Sep 18, 2015

Summer Travels, Part Three: The South

For the last instalment of my summer 2015 travelling adventures (until I go off to Spain, that is — I’m pretending it’s still summer until I come back), I want to tell you what I did down south after returning from Edinburgh and Manchester. This part of my trip included visits to places associated with some of my absolute favourite writers (Terry Pratchett and Diana Wynne Jones) and more feelings than I know what to do with.
To begin in, I spend a few days in London loitering around the South Bank. There I finally got to go to the Book Market under Waterloo Bridge, which I’d been hearing about for ages.

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I also went to the Southbank Centre’s Foyles, and spent the better part of a morning browsing their very impressive children’s section. So many gorgeous picture books we don’t have at my library! Their comics selection was amazing too, especially for a bookshop that size.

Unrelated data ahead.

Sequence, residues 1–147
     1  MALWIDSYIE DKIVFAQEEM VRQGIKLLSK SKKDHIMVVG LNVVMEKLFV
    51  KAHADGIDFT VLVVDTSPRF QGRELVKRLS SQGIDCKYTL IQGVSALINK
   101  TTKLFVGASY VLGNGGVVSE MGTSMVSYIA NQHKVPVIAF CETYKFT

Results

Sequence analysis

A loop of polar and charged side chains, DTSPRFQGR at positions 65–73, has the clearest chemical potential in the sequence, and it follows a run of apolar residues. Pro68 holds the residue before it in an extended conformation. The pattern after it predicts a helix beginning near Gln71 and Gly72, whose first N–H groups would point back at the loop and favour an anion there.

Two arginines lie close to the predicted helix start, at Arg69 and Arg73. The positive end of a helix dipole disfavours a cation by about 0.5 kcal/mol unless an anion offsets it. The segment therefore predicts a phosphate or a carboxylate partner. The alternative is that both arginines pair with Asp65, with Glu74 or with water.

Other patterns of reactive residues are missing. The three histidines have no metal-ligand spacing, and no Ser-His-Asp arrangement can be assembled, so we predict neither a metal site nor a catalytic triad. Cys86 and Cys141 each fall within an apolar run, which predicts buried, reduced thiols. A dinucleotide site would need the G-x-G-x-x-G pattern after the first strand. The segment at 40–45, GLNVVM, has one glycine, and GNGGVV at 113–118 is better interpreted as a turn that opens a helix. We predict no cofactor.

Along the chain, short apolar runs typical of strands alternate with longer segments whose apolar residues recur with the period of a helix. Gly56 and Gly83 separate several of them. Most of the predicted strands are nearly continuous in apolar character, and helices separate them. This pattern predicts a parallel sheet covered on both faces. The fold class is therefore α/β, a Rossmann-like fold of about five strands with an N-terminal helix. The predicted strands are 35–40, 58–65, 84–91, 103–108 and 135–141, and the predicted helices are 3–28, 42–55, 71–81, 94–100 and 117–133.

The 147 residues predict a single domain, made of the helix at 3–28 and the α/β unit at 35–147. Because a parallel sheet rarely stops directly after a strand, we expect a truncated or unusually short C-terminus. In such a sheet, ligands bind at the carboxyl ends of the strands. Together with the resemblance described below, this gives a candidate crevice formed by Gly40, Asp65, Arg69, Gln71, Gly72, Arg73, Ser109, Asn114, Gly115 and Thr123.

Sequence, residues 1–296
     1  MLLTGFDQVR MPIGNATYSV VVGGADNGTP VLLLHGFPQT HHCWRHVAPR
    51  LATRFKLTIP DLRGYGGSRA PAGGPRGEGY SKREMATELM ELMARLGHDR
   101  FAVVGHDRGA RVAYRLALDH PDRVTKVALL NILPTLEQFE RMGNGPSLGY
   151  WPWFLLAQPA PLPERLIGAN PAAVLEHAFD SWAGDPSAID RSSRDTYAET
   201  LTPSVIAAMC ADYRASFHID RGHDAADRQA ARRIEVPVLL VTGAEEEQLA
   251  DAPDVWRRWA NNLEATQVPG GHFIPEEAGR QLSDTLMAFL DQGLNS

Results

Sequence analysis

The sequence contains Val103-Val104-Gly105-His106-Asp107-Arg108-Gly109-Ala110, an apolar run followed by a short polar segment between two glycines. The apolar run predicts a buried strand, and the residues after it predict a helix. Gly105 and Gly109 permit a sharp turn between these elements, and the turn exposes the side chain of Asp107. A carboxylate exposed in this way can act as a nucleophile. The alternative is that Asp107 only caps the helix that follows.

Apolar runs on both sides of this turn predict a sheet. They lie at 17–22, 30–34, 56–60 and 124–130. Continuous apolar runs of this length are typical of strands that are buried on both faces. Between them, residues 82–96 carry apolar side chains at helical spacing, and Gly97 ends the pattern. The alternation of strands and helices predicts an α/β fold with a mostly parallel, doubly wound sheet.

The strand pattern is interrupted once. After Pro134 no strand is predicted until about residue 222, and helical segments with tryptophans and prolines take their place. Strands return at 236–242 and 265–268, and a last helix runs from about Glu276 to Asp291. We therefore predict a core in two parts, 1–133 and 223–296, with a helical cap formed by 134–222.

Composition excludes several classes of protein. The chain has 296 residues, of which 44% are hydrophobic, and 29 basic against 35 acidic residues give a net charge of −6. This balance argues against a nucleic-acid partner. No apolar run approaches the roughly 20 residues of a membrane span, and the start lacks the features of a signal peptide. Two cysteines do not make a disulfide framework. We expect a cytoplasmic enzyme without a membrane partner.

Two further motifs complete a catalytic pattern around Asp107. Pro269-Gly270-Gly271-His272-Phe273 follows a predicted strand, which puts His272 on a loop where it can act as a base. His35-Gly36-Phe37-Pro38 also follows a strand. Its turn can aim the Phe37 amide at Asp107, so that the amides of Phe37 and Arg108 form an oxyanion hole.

I got to peek into the British Film Institute’s impressive Reuben Library...

...and in another serendipitous moment, I came across a free photo exhibition about Agatha Christie’s life, which was on its final days.


Terrible photo, but: Agatha Christie’s typewriter!




Finally, I visited the Poetry Library at the Southbank Centre, the UK’s “major library for modern and contemporary poetry”.




After London I made my way down to Brighton, where I walked around The Lanes, went into its quirky shops, caved and got myself some books (Goodbye Stranger and Fans of the Impossible Life, both of which got promptly read, for a change), and of course sat by the seaside.